Recipe for a healthy city
When I moved to Toronto 15 years ago, from a place steeped in its own tremendous and unique culture, but somewhat lacking in diversity, I moved to Sesame Street. Okay, perhaps not literally, but I distinctly remember thinking that Toronto was as different and colourful and exciting to me then as Sesame Street had been to my 5-year-old self, living in Long Pond, Newfoundland.
From my first walk through Kensington Market, to the school playgrounds near our west-end, downtown apartment, teeming with children, to the squash and beans growing in our neighbours’ front garden and the delicious smell of sardines grilling in the backyards: Sesame Street.
I still love my little corner of Toronto. And that’s what makes it bearable to reside in the belly of the sprawling beast that is this city. My neighbourhood is more than a street, it’s a community. Here’s a recipe for why it works:
1. Take one down-in-the-dump park. Add a parent with enough passion and drive to take back that park and form a community of “friends” to embrace it.That park has to be a place where the teenagers playing hockey or basketball can be at home alongside the moms with their organic coffee and the Somali soccer players. Throw in some city staff with the vision to allow that community’s creativity to flourish, instead of stifling it.
2. Add a library, reconfigured and redesigned. No longer a stodgy dark place used by a few, but a bright, functional, inspiring space that makes room for everyone and redefines the library as a centrepiece in the community.
3. Throw in easy access to the TTC, particularly the subway, and you can get to your job in less than 20 minutes at rush hour. A little squished maybe, but you get there.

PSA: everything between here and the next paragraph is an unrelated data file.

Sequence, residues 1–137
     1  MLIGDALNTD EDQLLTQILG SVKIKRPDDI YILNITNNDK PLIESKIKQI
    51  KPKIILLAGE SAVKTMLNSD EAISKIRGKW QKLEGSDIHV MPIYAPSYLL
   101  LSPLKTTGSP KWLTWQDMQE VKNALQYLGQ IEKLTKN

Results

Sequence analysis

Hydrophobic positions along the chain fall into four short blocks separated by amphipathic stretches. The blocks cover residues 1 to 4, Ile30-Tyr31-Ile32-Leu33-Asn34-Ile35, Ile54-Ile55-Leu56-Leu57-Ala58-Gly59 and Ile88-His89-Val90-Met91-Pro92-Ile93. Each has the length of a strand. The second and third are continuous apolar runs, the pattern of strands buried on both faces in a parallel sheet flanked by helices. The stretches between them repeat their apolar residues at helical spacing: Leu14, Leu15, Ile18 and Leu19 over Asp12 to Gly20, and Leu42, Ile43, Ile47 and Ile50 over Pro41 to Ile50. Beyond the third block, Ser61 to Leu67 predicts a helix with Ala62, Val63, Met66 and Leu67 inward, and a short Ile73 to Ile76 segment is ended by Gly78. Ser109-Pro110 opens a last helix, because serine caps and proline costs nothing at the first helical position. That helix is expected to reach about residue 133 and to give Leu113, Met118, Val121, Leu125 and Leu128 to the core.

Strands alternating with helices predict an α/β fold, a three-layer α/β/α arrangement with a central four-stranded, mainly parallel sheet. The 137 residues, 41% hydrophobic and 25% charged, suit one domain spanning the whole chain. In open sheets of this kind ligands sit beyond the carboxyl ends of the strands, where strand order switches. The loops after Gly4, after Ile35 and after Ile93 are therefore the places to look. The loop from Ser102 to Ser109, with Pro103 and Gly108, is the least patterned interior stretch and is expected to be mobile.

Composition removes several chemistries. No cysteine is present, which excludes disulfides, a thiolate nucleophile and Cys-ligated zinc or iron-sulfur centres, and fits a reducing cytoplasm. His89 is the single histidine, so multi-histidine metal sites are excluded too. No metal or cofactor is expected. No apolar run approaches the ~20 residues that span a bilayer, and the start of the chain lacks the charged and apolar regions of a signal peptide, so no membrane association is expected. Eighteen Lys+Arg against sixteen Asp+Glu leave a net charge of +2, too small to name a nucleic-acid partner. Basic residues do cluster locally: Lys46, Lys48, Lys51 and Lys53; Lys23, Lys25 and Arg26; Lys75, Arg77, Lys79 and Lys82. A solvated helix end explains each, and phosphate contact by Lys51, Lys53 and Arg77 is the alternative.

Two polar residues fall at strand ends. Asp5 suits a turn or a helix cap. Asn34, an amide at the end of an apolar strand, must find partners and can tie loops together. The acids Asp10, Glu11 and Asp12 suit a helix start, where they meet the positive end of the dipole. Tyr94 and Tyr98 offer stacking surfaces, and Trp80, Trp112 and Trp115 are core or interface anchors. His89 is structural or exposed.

4. Provide healthy, preferably locally grown food. Start with an organic farmers’ market, add good, healthy food in local shops and restaurants, a small vegetable plot in your own backyard, and a Friday night community supper in the park.
5. Whisk this together with a handful of community schools, principals that live in the neighbourhood they serve, and an alternative option or two within the public system. And don't forget working families will need affordable, quality childcare.
6. And finally, dust liberally with people who, with this infrastructure to support them, throw their homes open to each other. Because it’s the people that live on my street that make my neighbourhood a great place to be.
It’s the fact that – even if your car window is occasionally smashed – your children can play on the sidewalk with their friends every evening.
We look out for each other. We have a cup of flour if you need one, and provide back up childcare in a pinch. We are so lucky this way.
But Toronto is not Sesame Street.
And there's no cookie cutter approach to making the City work. The ingredients may vary from East York to Etobicoke, but the basic recipe remains. We need the supports and services that allow streets to become neighbourhoods, and neighbourhoods to become communities, and we need a city council that allows community creativity to flourish.
Over the coming days and months, I'm looking forward to hearing more about YOUR recipes for a livable city.... my fellow bloggers and people of Toronto. And I'll tell you what questions I'm going to be asking the candidates that make their way to my doorstep.